For the MSB case with small e, the experimental results are shown in Table 3. In addition to some calculations, this attack mainly contains two parts. The first part involves finding a root of the quadratic congruence equation, equivalent to finding a square root module e. The implementation of this part adopts the Cipolla algorithm, which is highly efficient in practice, as shown in Table 3 (Find SR). The second part is to find small roots of the integer equation. The implementation of this part adopts the JochemszMay’s basic strategy (Jochemsz and May 2006), with the running time mainly depends on the LLL algorithm. To ensure the efficiency of the LLL algorithm, we choose small m to constrain the lattice dimension. One can make the size of e closer to the theoretical bound \(N^{1/4}\) by increasing m, which will increase the running time of LLL algorithm.
For the MSB case with full size e, the experimental results are shown in Table 4. The implementation of finding small roots of the integer equation employs the JochemszMay’s basic strategy (Jochemsz and May 2006) and we take small m to ensure the efficiency of the LLL algorithm. One can take larger m to make \(\delta\) and \(\beta\) closer to the theoretical bound, that is \(\delta \rightarrow 3/4\) and \(\beta \rightarrow (\sigma + 1/4)\).
For the LSB case with small e, the experimental results are shown in Table 5. Similar to the MSB case, the process of finding roots of the quadratic congruence equation is efficient in practice. Since there is more than one square root, we must try all possible values, with the average number of candidates provided in Table 5 (Candidates). As for the implementation of finding small roots of the integer equation, we adopt the JochemszMay’s basic strategy (Jochemsz and May 2006). We also choose small m to constrain the lattice dimension. One can make \(\delta\) closer to the theoretical bound, that is \(\delta \rightarrow 1/4\), by increasing m.
For the LSB case with full size e, the experimental results are shown in Table 6. The implementation of finding small roots of the modular equation adopts the HerrmannMay’s Herrmann and May (2008) method and we also take small m. One can take larger m to make \(\delta\) closer to the theoretical bound, that is \(\delta \rightarrow \max {\{2\sigma +1/2,\beta +\sigma \}}\).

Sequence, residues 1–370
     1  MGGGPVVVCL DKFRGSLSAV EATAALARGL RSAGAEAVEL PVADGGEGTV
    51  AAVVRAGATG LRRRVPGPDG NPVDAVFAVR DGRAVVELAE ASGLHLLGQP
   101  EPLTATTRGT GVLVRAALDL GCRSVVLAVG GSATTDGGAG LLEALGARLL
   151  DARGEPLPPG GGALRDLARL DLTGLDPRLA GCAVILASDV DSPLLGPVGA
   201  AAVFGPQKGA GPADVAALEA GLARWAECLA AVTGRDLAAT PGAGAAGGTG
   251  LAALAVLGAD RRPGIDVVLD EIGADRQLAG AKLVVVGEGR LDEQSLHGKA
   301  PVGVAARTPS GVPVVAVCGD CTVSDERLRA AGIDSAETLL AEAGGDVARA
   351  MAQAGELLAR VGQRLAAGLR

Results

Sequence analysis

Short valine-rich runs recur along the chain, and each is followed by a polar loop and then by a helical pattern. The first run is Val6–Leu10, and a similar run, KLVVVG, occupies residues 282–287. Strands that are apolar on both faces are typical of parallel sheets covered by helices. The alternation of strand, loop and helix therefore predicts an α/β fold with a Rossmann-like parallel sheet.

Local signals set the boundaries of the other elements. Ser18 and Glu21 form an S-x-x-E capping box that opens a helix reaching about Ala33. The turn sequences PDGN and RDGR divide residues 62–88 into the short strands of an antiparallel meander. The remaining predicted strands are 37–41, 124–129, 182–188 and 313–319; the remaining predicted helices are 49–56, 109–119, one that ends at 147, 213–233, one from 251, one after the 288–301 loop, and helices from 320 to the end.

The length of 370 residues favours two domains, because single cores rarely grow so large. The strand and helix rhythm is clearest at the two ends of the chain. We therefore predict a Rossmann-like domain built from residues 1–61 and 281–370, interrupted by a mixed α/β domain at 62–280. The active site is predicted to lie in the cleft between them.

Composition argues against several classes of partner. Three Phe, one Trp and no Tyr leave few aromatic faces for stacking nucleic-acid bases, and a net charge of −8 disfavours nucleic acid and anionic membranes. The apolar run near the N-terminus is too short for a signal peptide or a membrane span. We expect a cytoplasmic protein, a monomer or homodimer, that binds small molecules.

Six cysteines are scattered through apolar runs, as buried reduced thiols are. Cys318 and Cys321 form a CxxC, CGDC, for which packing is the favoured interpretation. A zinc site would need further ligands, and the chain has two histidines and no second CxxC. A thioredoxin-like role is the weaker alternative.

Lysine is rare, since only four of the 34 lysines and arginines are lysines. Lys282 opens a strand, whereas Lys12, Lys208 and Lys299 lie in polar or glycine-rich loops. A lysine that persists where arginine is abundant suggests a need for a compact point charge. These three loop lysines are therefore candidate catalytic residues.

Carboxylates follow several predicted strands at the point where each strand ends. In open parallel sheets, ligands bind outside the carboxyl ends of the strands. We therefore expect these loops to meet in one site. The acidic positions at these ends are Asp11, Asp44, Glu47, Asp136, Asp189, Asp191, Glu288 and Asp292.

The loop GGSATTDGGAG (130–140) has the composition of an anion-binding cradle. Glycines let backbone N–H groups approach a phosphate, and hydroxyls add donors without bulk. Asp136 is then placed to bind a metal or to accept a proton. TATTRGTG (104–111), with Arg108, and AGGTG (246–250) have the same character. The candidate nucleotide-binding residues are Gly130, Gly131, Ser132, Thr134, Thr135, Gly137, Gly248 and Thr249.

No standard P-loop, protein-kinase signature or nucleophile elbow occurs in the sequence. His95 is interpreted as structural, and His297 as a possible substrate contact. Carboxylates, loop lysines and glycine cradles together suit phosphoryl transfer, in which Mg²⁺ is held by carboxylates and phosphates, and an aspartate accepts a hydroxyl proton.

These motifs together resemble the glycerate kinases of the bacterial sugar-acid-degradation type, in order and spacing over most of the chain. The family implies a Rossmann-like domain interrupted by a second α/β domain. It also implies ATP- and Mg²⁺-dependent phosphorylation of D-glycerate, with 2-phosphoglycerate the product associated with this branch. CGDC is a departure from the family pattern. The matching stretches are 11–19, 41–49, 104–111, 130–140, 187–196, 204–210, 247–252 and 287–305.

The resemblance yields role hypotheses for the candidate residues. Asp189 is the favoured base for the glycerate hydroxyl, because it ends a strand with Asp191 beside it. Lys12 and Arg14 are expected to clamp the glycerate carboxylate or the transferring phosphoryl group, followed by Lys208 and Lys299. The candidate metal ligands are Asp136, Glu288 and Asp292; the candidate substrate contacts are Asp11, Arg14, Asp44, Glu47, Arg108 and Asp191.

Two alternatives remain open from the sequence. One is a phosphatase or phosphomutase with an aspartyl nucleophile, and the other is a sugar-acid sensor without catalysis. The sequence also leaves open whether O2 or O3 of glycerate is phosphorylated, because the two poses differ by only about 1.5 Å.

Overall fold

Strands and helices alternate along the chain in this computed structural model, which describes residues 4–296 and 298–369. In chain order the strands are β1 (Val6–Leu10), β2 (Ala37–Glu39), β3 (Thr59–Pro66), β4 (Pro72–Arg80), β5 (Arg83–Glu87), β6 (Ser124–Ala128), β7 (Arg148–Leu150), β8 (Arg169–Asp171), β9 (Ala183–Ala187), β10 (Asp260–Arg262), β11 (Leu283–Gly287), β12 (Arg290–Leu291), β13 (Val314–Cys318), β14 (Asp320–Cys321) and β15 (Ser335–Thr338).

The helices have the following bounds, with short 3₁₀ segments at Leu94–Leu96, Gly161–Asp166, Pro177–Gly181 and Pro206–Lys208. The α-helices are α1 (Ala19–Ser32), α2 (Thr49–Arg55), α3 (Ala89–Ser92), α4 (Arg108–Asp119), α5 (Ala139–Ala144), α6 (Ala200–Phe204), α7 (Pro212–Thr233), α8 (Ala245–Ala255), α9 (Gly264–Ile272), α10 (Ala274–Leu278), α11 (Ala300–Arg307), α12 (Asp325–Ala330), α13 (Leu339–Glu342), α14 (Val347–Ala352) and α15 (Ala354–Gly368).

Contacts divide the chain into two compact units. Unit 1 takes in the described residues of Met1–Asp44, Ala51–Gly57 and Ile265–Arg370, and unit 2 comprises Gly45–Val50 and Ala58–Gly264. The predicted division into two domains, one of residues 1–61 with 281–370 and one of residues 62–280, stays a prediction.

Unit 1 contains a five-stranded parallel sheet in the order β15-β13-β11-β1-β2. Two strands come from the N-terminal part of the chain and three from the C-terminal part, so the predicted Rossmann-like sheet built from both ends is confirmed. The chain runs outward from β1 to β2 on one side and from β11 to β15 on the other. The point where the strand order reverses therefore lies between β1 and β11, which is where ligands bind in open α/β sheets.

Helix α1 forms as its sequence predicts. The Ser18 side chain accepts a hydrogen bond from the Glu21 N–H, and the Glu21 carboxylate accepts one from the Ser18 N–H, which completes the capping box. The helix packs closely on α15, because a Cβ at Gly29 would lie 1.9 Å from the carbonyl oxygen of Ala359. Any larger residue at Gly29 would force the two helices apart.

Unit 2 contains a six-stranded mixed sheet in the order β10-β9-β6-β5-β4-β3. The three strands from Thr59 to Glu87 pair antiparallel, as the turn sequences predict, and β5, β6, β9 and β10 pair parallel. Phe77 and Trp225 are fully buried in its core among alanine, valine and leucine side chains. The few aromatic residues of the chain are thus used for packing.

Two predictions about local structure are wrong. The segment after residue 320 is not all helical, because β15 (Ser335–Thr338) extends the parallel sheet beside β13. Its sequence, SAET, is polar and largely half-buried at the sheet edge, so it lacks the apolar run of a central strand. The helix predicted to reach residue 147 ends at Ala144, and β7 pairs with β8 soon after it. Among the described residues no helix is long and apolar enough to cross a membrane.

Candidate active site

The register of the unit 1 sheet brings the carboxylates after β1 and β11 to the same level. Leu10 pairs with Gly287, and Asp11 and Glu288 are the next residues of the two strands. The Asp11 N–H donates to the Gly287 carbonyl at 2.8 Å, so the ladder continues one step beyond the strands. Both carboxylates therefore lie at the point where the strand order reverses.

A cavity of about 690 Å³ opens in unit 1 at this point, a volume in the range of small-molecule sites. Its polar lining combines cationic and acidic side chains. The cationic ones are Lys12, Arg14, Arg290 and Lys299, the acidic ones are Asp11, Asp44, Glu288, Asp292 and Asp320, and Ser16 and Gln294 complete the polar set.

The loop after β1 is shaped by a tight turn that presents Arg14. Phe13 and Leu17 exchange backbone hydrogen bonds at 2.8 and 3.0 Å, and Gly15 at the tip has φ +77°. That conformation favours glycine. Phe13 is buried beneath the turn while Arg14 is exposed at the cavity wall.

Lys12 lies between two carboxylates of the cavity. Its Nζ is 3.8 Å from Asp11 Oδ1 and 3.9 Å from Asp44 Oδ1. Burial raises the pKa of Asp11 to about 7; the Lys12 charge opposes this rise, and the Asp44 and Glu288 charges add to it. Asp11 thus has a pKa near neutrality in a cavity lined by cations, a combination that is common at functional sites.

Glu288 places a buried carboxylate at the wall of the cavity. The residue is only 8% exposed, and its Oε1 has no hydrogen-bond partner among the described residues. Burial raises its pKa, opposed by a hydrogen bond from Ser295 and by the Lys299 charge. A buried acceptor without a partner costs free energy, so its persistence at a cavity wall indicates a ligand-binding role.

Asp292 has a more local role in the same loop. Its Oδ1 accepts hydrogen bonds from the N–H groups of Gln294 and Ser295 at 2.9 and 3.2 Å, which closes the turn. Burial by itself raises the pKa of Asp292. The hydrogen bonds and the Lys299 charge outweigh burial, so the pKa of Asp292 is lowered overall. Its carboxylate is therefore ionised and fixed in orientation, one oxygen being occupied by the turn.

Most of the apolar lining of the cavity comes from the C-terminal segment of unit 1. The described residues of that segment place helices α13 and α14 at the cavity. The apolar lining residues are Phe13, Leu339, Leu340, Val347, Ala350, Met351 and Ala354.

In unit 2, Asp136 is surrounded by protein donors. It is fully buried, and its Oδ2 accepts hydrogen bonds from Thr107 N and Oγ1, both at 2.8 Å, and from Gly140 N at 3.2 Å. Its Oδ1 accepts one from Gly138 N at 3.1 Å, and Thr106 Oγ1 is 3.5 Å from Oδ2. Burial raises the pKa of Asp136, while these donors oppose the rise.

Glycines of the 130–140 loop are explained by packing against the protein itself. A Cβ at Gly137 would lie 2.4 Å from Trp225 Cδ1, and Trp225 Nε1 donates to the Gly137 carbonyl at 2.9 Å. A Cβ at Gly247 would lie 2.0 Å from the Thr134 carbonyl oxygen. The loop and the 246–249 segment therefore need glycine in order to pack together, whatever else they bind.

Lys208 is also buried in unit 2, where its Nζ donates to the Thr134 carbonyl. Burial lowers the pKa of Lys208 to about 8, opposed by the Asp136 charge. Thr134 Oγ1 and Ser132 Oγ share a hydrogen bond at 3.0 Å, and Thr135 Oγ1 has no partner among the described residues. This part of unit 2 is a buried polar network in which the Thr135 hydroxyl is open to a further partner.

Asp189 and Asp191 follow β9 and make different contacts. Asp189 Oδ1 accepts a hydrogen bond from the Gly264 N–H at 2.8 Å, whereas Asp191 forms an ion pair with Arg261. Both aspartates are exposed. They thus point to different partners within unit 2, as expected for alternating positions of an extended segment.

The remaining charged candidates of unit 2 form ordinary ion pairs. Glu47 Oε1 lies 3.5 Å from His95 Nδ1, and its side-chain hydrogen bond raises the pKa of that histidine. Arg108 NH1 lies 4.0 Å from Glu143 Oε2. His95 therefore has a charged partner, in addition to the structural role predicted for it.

Conclusion
In this paper, we propose new partial key exposure attacks on RSA with additive exponent blinding, focusing on leakage scenarios where the MSBs or LSBs of \(d'\) are revealed, considering both cases where e is small and e is of full size. For the case where e is small, we reduce the amount of leakage by solving the quadratic congruence equation to recover a portion of p. For the case where e is of full size, we introduce novel attacks utilizing the specific algebraic relationship \(d'=d+r\varphi (N)\) in blinding RSA. Our attacks confirm that blinding RSA is vulnerable to partial key exposure if either \(e\cdot r\) or \(d\cdot r\) is significantly smaller than N. This emphasizes the importance of users selecting both private and public exponents randomly, setting a blinding factor with a longer bit length, or implementing other countermeasures to prevent the leakage of the blinded private exponent \(d'\). In practice, smaller values for e, d, r are often chosen for efficiency. Based on the results of this paper, we suggest that \(e\cdot r\) and \(d\cdot r\) should be greater than N to increase the resilience against such attacks.
While our attack can handle the situation where e is of full size, it necessitates sufficient leakage and succeeds only when d is small. The potential for further reducing the amount of leakage and strategies for executing an attack in scenarios where both e and d are of full size still need to be explored.
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Abbreviations
 CRT:

Chinese remainder theorem
 LSBs:

Least signifficant bits
 MSBs:

Most signifficant bits
 RSA:

Rivest–Shamir–Adleman
 SVP:

Shortest vector problem
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This work is supported in part by National Key R &D Program of China (No. 2022YFB3103800), National Natural Science Foundation of China (No. U1936209, No. 62002353, No. 62202231 and No. 62202230), China Postdoctoral Science Foundation (No.2021M701726) and Jiangsu Funding Program for Excellent Postdoctoral Talent (No.2022ZB270).
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Appendix
Appendix
Proof of Lemma 7
Let \(f(x,y)=a+bx+cy\) be a linear polynomial with the small solutions \(x_0\le X=N^{\gamma _x}\),\(y_0\le Y=N^{\gamma _y}\), we suppose \(X\le Y\) without loss of generality. Let \(W=f(xX,yY)_{\infty }<N^{\gamma _W}\), and we choose a prime integer \(R\in (W,2W)\). Multiplying the inverse of a, we can obtain a polynomial with a constant term of one, that is
and we have \(f'(x_0,y_0)\equiv 0 \mod R\).
Define the polynomials \(g_x(x,y) = Rx\) and \(g_y(x,y) = Ry\). We have that \(g_x(x_0,y_0)\equiv g_y(x_0,y_0)\equiv 0 \mod R\). Then we can construct the lattice
where the basis vectors are the coefficient vectors of \(f'(xX,yY)\), \(g_x(xX,yY)\) and \(g_y(xX,yY)\). As explained in Section "Finding small roots of a bivariate integer equation", we can find all small roots if \(\textrm{det}(\mathcal {L})^{1/\textrm{dim}(\mathcal {L})}< R\), that is \(R^2XY < R^3\). Then the result of Lemma 7 can be obtained.
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Jiang, Z., Zhou, Y. & Liu, Y. New partial key exposure attacks on RSA with additive exponent blinding. Cybersecurity 7, 26 (2024). https://doi.org/10.1186/s4240002400214y
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DOI: https://doi.org/10.1186/s4240002400214y